#SudanPoorGovernance: 'I want our parents' and our trauma to be the last'

#SudanPoorGovernance: 'I want our parents' and our trauma to be the last'
Sudanese protesters have banded together online and offline to protest corruption in their country.
3 min read
26 Jul, 2018
Sudanese diaspora protesting in London against corruption [Maddy Crowther]
More and more dictators seem to be championing the virtues of life-long rule.

Even Donald Trump has said being "president for life" sounds great. Now strengthening his position among the top rankings of tyrants is President Omar al-Bashir of Sudan, who on 30 June marked the start of his 30th year steering the Sudanese ship.

But on the day of his 29th anniversary in power, those whose lives he steers - and for some of them it has been their entire lives - united to show their dissatisfaction with his seamanship.

On 30 June 2018, in the blazing summer sun, hundreds of Sudanese diaspora, joined by Waging Peace and the Humanitarian Aid Relief Trust, assembled opposite the Sudanese embassy in London to protest against the poor governance of the Sudanese regime, and, despite this, the UK's continued "strategic dialogue" with Sudan's elite.

Despite the searing Khartoum-worthy weather, spirits were high and many voices united as one, demanding a change and hoping passers-by would listen to the plight of Sudan and its people.

At 2pm there was a moment's silence as protesters paused to remember in solidarity all those affected by genocidal policies in Sudan. As quiet descended, the raised hands of those protesting signalled a quiet, steadfast defiance. The group later made their way to Downing Street, the UK Prime Minister's residence - whose tenure seems likely to be significantly less long-lived than Bashir's - to hand over a petition signed by several parliamentarians, as well as 500 concerned Sudanese and British citizens.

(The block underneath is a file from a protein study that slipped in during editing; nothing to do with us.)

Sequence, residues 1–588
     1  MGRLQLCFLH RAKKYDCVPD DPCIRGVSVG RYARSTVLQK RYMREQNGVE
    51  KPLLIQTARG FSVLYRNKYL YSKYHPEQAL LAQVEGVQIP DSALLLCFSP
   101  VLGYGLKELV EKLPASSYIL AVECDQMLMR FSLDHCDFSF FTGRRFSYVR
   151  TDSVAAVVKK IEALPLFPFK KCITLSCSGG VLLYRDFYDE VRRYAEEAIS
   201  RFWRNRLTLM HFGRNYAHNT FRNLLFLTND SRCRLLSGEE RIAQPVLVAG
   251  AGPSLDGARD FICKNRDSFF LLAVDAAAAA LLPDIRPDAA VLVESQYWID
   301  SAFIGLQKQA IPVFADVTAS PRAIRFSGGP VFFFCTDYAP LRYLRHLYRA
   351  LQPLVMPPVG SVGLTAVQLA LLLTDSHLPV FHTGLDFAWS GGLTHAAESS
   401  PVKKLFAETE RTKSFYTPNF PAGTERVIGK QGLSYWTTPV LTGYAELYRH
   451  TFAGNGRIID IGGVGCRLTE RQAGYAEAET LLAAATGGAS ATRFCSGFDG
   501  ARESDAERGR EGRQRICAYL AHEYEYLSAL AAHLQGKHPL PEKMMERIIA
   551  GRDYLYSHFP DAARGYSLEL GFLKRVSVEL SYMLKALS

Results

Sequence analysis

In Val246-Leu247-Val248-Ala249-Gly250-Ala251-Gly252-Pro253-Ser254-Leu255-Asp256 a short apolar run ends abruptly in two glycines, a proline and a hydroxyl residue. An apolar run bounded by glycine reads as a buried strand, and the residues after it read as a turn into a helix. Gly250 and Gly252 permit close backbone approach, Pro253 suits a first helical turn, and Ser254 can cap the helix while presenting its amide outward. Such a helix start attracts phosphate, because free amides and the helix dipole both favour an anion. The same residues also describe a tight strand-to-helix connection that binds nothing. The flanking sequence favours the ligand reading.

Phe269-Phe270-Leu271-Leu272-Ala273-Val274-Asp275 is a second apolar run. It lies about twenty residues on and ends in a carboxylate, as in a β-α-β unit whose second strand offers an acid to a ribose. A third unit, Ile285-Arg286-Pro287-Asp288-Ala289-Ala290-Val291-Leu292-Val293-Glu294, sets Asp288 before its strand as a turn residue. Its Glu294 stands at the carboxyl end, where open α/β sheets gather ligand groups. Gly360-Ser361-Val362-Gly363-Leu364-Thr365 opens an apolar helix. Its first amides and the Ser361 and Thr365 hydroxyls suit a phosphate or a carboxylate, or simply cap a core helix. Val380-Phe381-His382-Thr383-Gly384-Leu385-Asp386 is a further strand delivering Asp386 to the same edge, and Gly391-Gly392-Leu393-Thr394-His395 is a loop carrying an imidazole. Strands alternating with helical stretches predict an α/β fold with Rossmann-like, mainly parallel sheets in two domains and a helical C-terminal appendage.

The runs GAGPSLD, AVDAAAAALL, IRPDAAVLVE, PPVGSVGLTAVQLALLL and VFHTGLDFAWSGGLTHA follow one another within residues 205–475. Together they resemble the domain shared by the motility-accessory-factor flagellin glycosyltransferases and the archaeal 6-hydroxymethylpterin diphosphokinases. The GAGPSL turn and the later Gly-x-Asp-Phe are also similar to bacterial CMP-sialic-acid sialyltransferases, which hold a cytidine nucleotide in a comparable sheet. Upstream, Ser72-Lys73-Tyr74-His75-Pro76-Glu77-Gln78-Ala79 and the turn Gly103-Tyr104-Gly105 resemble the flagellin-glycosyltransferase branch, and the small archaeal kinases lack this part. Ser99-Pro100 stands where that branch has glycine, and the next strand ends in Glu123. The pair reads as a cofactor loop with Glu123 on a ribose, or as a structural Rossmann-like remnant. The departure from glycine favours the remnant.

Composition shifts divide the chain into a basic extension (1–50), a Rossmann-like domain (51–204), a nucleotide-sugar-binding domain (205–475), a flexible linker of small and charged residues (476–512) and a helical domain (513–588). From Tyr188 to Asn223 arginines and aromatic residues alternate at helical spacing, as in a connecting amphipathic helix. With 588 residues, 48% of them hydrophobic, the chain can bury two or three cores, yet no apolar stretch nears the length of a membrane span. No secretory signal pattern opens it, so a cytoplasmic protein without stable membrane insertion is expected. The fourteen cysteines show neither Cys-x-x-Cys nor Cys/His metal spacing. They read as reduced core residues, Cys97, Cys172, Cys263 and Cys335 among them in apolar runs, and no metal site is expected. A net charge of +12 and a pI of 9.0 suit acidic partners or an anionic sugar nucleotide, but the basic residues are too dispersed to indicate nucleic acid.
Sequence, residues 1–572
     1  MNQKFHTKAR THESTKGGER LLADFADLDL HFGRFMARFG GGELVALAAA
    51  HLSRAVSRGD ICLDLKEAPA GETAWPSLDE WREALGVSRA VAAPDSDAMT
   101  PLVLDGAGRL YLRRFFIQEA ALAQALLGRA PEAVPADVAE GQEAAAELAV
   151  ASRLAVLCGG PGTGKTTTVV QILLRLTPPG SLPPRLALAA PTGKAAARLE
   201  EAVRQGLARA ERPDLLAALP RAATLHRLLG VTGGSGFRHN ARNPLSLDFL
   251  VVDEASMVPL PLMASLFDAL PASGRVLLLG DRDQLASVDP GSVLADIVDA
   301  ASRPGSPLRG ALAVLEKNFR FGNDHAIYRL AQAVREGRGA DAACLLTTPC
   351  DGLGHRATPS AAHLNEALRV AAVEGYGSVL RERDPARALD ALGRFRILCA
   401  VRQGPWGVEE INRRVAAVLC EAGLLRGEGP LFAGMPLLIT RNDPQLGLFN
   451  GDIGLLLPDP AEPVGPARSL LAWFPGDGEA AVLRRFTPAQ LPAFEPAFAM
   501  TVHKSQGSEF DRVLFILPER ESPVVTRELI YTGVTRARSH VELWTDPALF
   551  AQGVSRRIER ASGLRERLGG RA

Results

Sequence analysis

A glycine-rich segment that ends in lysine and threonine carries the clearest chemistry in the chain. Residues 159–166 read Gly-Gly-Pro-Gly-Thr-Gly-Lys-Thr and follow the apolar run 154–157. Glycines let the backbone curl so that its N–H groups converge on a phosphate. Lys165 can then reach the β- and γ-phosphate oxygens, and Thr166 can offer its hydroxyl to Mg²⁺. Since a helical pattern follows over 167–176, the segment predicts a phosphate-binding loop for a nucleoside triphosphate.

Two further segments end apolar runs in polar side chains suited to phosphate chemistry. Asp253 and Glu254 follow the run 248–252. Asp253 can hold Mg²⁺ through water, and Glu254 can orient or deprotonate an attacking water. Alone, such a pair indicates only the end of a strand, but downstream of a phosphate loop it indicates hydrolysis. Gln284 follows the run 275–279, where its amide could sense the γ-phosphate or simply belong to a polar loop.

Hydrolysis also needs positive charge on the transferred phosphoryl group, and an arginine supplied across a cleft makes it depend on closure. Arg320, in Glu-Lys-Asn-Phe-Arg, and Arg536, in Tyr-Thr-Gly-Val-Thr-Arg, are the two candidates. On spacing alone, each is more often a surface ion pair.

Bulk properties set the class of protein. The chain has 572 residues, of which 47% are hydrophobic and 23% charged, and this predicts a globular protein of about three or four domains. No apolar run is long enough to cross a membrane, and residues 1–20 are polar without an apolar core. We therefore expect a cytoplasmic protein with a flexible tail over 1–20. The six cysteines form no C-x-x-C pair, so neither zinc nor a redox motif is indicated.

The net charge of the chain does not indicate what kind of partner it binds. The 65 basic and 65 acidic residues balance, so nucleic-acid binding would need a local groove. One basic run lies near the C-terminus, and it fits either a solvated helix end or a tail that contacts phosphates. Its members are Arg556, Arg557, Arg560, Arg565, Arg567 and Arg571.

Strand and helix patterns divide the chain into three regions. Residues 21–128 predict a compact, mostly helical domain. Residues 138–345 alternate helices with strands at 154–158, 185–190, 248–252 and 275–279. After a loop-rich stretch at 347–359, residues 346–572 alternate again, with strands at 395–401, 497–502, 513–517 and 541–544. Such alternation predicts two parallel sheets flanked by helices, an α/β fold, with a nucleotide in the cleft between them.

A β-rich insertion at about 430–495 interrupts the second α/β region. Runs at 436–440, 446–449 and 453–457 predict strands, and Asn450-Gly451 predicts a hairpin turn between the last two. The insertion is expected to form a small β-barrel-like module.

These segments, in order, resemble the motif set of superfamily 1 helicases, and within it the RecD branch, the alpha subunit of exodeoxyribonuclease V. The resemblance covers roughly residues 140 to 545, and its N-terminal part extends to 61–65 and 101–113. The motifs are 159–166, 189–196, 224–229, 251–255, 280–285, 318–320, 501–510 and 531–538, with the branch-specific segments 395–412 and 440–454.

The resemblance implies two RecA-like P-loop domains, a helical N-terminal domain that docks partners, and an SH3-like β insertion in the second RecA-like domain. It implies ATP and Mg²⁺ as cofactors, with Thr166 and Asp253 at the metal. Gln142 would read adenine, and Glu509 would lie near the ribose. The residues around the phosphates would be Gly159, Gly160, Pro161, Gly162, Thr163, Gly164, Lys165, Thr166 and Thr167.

It was a strong statement to make, and immediately drew condemnation within Sudan itself, where state-controlled news pieces decried the idea that protesters had any valid criticisms. The embattled embassy media attaché, Mustafa Batal, even decided to criticise the quality of the handmade signs, rather than the content of their messages - which has to be the definition of missing the point.

He also asked to be invited to any future demonstration, as his input - that of someone whose role is to censor bad press - would surely make the event more "interesting". So, as an organiser of this year's protest, we would like to welcome Mr Batal to attend our demonstration next year. And this time, he should come out in front of the embassy, instead of nervously curtain-twitching from indoors.

And to those reading this, please also join us in standing in solidarity with the Sudanese on 30 June 2019. Show the regime that we are watching, we are listening, and that their actions are not going unnoticed.

The fight is not over. It is important to remember that a protest does not just end when the feet have left the streets or when the (handmade) banners have been cleared away. The struggle is ongoing and the British government remains directly implicated in its collaboration with the regime. Sudan's poor governance is more than just a hashtag - #SudanPoorGovernance - it remains a lived reality for Sudan's many victims.

Let's help fulfil the dream shared by one of those who gave a speech at the demo: "I want our parents' and our trauma to be the last."

Co-authored by Maddy Crowther and Rhona French from Waging Peace.